I will undress in the house and wrap myself in my dressing-gown. Then I can slip through the pine-trees unseen....
* * * * *
It was glorious, glorious! What do I want a bathing-hut for? I go into the sea straight from my own garden, and the sand is soft and firm to my feet like the pine-needles under the trees.
The sea is phosphorescent; I seemed to be dipping my arms in liquid silver. I longed to splash about and make sparkles all around me. But I was very cautious. I swam only as far as the stakes to which the fishermen fasten their nets. The moon seemed to be suspended just over my head.
I thought of Malthe.
Ah, for one night! Just one night!
* * * * *
Jeanne has given me warning. I asked her why she wished to leave. She only shook her head and made no answer. She was very pale; I did not like to force her to speak.
It will be very difficult to replace her. On the other hand, how can I keep her if she has made up her mind to go? Wages are no attraction to her. If I only knew what she wanted. I have not inquired where she is going.
* * * * *
Ah, now I understand! It is the restlessness of the senses. She wants more life than she can get on this island. She knows I see through her, and casts her eyes downward when I look at her.
You are the only man I ever loved. And now, by means of this letter, I am digging a fathomless pit between us. I am not the woman you thought me; and my true self you could never love.
I am like a criminal who has had recourse to every deceit to avoid confession, but whose strength gives way at last under the pressure of threats and torture, and who finds unspeakable relief in declaring his guilt.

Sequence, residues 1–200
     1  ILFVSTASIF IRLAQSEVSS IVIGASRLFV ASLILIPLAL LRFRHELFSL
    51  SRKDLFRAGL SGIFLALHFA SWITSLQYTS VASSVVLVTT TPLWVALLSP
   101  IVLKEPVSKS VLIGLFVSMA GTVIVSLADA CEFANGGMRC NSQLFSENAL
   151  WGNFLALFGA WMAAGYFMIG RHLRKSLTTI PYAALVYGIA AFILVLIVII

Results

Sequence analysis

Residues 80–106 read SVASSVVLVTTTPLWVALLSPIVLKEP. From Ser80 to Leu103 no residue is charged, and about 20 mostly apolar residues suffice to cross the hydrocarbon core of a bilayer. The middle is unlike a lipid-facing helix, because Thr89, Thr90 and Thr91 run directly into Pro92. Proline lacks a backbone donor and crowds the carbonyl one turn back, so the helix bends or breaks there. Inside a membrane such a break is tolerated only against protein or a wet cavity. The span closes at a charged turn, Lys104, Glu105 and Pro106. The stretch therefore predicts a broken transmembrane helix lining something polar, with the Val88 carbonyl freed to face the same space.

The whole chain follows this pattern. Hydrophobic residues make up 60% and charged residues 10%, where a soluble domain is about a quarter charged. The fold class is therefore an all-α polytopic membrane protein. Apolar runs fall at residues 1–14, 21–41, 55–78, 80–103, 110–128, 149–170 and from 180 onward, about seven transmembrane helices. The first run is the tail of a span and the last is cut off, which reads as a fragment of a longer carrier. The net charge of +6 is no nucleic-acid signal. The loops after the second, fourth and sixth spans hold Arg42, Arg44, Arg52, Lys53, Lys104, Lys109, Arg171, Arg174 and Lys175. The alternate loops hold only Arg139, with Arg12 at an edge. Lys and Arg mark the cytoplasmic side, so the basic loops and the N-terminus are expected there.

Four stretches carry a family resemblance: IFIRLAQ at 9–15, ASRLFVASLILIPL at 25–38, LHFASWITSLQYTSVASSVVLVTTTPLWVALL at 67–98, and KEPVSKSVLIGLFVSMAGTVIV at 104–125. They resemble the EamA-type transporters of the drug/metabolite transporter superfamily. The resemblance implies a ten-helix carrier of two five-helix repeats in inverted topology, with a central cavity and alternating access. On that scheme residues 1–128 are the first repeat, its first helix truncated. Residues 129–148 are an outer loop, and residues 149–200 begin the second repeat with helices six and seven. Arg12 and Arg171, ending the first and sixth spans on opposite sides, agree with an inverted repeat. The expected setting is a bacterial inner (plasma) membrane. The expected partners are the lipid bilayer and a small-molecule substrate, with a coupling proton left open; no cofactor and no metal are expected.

Joergen Malthe, I have loved you for the last ten years; as long, in fact, as you have loved me. I lied to you when I denied it; but my heart has been faithful all through.
Had I remained any longer in Richard’s house, I should have come to you one day and asked you to let me be your mistress. Not your wife. Do not contradict me. I am the stronger and wiser of the two.
To escape from this risk I ran away. I fled from my love—I fled, too, from my age. I am now forty-three, you know it well, and you are only thirty-five.
By this voluntary renunciation, I hoped to escape the curse that advancing age brings to most women. Alas! This year has taught me that we can neither deceive nor escape our destiny, since we carry it in our hearts and temperaments.
Here I am, and here I shall remain, until I have grown to be quite an old woman. Therefore, it is very foolish of me to pour out this confession to you, for it cannot be otherwise than painful reading. But I shall have no peace of mind until it is done.